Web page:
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Solutions-driven and collaborative

We solve planning problems based on our client’s goals, requirements, and budget, and by involving stakeholders in the discussion. Our customized, innovative model delivers practical, sustainable and creative solutions for meaningful places.

We have worked with a wide variety of clients to develop viable and meaningful places and organizations. One of our first projects, the Dynamic Downtowns Workbook: Using Heritage to Build Strong, Vibrant Downtowns (2012) is a toolkit to explain heritage legislation, the positive impacts on economic development, and how culture encourages community pride and connection.

Some of our other projects include the Strategic Plan 2019-2022 for the Gibsons and District Public Library, a branded Downtown Wayfinding Strategy for the City of Port Coquitlam, a Communications Strategy for the BC SPCA, and recreation planning for the City of Surrey. Throughout all our work we focus on inclusive dialogues and practical implementation plans to ensure our work adds value for our clients.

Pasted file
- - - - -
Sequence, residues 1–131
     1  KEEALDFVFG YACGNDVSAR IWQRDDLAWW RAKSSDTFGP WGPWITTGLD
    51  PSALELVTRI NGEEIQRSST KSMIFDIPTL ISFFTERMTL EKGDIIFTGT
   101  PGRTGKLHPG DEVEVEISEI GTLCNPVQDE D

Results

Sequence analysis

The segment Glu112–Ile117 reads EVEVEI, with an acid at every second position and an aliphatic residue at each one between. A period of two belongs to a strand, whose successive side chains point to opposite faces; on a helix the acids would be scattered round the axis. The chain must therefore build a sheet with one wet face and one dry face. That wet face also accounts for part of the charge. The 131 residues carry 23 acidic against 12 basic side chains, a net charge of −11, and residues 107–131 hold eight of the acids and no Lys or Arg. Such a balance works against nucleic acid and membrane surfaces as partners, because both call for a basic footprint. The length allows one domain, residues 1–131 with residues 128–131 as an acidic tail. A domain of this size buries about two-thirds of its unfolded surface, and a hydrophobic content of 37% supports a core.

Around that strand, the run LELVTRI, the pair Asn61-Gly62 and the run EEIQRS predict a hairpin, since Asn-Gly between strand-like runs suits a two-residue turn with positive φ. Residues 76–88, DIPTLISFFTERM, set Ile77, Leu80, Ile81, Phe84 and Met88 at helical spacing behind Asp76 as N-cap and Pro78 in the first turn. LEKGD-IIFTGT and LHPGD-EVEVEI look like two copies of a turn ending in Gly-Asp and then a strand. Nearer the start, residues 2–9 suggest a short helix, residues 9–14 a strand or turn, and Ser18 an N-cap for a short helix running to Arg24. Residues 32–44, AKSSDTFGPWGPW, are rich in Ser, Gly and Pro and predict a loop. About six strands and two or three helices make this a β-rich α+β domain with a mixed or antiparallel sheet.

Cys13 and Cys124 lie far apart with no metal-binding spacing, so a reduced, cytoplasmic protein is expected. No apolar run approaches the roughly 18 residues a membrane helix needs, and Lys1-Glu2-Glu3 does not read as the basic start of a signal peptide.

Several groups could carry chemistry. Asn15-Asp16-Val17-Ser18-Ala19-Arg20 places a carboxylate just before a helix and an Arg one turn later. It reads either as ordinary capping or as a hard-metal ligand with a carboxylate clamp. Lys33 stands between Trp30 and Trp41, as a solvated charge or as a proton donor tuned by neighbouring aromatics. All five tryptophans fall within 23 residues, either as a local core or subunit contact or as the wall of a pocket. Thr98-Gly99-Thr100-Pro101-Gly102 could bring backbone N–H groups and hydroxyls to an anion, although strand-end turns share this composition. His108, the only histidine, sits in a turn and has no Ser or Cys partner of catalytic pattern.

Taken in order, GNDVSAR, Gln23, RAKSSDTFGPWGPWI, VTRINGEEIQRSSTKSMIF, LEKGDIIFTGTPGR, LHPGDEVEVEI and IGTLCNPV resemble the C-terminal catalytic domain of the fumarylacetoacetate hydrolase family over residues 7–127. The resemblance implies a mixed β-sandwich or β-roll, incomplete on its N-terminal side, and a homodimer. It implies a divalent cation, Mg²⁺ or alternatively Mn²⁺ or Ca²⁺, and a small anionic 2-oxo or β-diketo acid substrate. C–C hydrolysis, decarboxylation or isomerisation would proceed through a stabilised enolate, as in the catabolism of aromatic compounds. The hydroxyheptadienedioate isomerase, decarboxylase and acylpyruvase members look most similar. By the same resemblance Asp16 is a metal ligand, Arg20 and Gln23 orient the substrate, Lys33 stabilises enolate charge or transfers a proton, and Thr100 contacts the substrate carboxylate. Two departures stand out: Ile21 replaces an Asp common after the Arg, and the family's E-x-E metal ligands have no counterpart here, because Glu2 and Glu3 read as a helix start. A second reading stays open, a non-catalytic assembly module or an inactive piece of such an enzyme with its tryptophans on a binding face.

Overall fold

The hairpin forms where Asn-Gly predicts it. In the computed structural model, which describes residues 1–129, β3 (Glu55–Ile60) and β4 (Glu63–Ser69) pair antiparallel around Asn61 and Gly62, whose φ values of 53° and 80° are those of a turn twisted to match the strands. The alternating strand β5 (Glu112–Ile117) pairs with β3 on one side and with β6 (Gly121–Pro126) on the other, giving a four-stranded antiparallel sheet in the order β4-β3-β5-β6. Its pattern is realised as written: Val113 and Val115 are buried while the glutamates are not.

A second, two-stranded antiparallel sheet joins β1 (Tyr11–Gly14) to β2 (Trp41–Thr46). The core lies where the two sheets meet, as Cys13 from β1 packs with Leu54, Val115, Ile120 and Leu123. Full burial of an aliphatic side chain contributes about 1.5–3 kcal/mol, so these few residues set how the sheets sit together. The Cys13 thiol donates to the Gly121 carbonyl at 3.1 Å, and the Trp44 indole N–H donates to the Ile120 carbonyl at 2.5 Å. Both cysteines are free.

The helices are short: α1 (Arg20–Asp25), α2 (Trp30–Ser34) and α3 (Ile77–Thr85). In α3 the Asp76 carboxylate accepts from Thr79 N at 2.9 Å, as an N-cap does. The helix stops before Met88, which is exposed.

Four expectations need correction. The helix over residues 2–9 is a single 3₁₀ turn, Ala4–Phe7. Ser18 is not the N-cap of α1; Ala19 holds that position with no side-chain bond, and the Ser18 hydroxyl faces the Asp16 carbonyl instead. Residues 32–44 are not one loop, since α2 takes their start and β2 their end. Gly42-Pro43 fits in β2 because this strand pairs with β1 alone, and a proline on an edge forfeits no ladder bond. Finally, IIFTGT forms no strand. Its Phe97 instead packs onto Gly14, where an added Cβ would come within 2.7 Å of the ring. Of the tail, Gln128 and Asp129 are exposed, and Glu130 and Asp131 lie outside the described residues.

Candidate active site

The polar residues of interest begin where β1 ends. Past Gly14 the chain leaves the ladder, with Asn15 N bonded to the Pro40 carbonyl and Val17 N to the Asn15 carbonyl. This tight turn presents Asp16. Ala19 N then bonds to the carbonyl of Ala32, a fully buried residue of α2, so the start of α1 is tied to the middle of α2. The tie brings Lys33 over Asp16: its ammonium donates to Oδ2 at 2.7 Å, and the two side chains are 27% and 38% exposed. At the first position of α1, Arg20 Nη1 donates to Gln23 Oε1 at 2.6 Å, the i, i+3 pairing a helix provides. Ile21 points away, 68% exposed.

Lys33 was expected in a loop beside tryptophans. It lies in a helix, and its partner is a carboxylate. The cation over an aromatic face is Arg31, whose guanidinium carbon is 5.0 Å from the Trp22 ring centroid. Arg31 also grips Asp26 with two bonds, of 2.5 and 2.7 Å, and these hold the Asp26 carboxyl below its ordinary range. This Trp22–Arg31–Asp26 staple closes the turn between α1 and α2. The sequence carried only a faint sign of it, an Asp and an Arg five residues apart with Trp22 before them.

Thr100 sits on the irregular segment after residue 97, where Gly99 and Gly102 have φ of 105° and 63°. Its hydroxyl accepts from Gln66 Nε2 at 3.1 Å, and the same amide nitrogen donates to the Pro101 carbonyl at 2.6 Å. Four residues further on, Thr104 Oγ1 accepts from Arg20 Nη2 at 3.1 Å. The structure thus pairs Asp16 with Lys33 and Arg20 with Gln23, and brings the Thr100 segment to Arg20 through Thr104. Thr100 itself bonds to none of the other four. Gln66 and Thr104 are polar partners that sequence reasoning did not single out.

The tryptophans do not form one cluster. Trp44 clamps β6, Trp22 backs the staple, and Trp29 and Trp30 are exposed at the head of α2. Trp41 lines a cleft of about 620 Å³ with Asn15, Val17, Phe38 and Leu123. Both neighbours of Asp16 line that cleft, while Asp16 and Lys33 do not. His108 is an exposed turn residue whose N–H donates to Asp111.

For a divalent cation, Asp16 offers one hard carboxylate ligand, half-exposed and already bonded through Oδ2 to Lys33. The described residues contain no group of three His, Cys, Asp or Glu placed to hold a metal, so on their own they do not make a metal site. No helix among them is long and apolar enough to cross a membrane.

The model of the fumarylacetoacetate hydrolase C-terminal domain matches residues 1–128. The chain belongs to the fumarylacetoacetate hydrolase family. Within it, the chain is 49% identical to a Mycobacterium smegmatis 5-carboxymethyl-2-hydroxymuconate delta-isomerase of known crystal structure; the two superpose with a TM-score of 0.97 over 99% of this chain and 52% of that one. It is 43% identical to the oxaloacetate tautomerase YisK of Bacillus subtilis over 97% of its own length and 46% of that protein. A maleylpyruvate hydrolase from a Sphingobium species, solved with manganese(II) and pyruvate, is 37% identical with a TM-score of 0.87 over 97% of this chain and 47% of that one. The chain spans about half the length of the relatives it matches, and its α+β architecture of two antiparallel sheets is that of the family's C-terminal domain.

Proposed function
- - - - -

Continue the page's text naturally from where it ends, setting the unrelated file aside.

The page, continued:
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Principal Consultant

Maria Stanborough has a Masters in Urban Planning as well as a Diploma in Urban Land Economics (University of British Columbia). Prior to planning she focused on culture and economic development, with an MA in Interdisciplinary Studies (Simon Fraser University), and a General Studies Diploma from the London School of Economics, UK. Before urban planning she worked for 15 years in non-profits and cultural industries

Maria’s combination of arts, economics and urban planning gives her a big picture understanding of what creates meaningful places. In her work she listens to understand divergent interests and concerns, and offers excellent facilitation skills to draw out key issues. Data analysis, best practices and extensive research round out her skills and allow her to provide insight and understanding for long range plans.

In 2018 she started a research project with research partner Aaron Licker on “Messy Cities,” which explores the link between urban planning and mental health. Recently she co-presented their findings at the Planning Institute of BC’s Annual Conference, and will be co-publishing an article in 2019.